Sri Lanka | Freedom House

Freedom of the Press

Sri Lanka

Sri Lanka

Freedom of the Press 2005

2005 Scores

Press Status

Partly Free

Press Freedom Score
(0 = best, 100 = worst)


Political Environment
(0 = best, 40 = worst)


Economic Environment
(0 = best, 30 = worst)


The ability of Sri Lankan media outlets to express their views openly was tested by heightened political conflicts in 2004, while the partisanship of the state-owned media emerged as a major concern. Freedom of expression is provided for in the constitution, and although the government is permitted to curtail press freedom on national security grounds, authorities generally did not use legal restrictions against the media during the year. However, contempt of court legislation has been used in the past to punish reporters who investigate judicial misconduct; and in September, four journalists were threatened with court cases for articles published in 2001 and 2002 that allegedly showed contempt for the anticorruption commission.

Reporters, particularly those who cover human rights issues, corruption, or official misconduct, continued to face some harassment and threats from government officials, irate politicians, and party activists. In several other instances, police or security forces manhandled reporters as they attempted to cover the news. The Liberation Tigers of Tamil Eelam (LTTE), a separatist rebel group, does not permit freedom of expression in the areas of northern and eastern Sri Lanka under its control and continues to intimidate and threaten a number of Tamil journalists and other critics. Rival LTTE factions killed one reporter in May and another in August. Meanwhile, the offices of the Tamil-language daily Thinakkural suffered two grenade attacks in December, and the paper's distribution was disrupted on several occasions by LTTE cadres.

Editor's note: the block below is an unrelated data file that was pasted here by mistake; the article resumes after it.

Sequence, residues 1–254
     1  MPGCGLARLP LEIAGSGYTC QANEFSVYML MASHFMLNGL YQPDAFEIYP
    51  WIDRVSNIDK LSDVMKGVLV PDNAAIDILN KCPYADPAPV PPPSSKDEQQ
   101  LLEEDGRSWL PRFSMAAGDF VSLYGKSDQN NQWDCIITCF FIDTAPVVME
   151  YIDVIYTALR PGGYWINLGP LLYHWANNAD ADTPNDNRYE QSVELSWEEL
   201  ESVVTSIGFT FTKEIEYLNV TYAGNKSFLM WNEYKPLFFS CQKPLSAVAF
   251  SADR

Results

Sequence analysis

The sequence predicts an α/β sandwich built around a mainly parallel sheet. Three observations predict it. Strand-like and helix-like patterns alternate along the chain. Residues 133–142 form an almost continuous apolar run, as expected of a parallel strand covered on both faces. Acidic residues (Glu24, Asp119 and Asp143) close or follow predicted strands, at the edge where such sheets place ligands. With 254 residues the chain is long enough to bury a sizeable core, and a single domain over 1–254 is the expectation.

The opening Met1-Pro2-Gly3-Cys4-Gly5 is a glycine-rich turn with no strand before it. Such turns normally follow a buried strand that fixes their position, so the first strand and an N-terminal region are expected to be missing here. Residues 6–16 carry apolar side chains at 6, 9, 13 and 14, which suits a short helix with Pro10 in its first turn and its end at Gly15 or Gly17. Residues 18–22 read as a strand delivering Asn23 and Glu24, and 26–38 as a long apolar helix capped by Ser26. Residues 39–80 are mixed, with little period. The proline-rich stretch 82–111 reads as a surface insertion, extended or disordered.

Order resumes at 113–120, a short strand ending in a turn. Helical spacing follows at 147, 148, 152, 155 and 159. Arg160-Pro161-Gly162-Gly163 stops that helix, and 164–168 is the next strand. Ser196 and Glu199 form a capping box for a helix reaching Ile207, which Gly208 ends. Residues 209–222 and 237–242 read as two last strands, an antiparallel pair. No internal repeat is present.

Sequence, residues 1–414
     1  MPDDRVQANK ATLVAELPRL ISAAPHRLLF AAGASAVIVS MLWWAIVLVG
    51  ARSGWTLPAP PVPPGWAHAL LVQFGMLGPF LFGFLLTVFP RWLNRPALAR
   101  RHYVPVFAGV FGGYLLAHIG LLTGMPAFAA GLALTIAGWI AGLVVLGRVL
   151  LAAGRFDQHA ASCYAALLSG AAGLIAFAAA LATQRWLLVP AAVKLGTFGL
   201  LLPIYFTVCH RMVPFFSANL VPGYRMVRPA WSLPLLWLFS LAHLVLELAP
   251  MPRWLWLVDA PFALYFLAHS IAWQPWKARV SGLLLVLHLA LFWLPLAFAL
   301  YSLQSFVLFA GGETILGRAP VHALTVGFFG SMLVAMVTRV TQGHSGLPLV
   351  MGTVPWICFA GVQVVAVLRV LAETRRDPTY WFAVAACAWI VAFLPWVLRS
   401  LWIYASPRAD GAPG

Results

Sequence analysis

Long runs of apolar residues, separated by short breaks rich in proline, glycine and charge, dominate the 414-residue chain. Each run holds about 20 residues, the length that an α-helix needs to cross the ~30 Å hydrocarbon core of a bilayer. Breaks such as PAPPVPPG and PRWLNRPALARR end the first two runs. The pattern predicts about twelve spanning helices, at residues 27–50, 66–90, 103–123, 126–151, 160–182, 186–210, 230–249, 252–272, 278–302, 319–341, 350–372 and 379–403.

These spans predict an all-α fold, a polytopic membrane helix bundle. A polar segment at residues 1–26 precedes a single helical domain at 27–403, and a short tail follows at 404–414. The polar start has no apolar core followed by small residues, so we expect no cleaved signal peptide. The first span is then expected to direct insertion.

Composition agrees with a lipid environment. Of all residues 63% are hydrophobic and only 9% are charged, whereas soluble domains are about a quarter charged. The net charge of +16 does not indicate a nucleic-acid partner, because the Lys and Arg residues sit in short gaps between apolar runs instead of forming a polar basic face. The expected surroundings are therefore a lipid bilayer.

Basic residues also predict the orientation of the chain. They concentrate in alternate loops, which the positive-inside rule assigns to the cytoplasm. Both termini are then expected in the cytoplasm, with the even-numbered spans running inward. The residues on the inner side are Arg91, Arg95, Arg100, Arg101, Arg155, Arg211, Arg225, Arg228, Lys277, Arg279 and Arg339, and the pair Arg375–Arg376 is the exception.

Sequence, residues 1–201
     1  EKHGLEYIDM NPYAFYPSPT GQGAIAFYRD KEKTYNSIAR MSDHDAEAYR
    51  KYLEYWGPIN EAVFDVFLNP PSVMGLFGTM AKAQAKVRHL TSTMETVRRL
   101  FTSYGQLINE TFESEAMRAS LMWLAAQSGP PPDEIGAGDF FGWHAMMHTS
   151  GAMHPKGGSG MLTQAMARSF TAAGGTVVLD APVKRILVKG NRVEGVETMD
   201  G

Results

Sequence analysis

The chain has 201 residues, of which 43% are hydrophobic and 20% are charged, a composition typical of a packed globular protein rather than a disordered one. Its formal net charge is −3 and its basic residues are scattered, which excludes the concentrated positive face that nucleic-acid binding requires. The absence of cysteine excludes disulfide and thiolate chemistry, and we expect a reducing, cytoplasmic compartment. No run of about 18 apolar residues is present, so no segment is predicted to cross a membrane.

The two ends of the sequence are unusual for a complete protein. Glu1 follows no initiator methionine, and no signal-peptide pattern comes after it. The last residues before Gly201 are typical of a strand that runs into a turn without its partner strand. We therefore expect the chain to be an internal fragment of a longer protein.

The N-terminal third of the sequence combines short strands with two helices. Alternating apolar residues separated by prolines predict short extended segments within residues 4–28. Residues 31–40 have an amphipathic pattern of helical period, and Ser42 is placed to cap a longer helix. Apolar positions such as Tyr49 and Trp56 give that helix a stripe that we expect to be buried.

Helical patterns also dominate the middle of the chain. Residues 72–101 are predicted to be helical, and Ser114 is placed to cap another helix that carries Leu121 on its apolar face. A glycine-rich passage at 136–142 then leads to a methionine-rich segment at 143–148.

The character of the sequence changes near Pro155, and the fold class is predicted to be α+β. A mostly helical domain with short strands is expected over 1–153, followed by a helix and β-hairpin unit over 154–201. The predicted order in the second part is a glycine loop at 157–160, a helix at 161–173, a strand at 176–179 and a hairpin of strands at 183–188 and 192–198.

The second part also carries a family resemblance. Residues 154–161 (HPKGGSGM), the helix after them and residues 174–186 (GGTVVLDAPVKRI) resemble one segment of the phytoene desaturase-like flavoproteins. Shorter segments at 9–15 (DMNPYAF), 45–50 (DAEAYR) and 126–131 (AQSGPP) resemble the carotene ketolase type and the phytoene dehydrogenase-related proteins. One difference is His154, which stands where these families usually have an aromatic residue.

While some journalists, particularly those covering the LTTE-controlled areas, practice self-censorship, a number of privately owned newspapers and broadcasters scrutinize government policies and provide diverse views. The state controls the largest newspaper chain, two major television stations, and a radio station; political coverage in the state-owned media tends to favor the ruling party, and these outlets remain prone to frequent official interference. During the November 2003 state of emergency, President Chandrika Kumaratunga briefly deployed troops outside government-run media outlets, sacked the chairman of the government-owned Lake House media group, and replaced the editors of state-run print and broadcast outlets with her own supporters. In 2004, the Colombo-based Free Media Movement repeatedly condemned the manipulation of the state media by the president's party for political ends, including pressure on editors and biased coverage of the April elections. For example, Lakshman Gunasekera, the editor of a government-owned weekly, was suspended from his post in March after writing editorials opining that the state media should refrain from political partisanship, and he had not been reinstated by year's end. Another editor was removed from his post in September. Business and political interests wield some control over content in the form of selective advertising and bribery.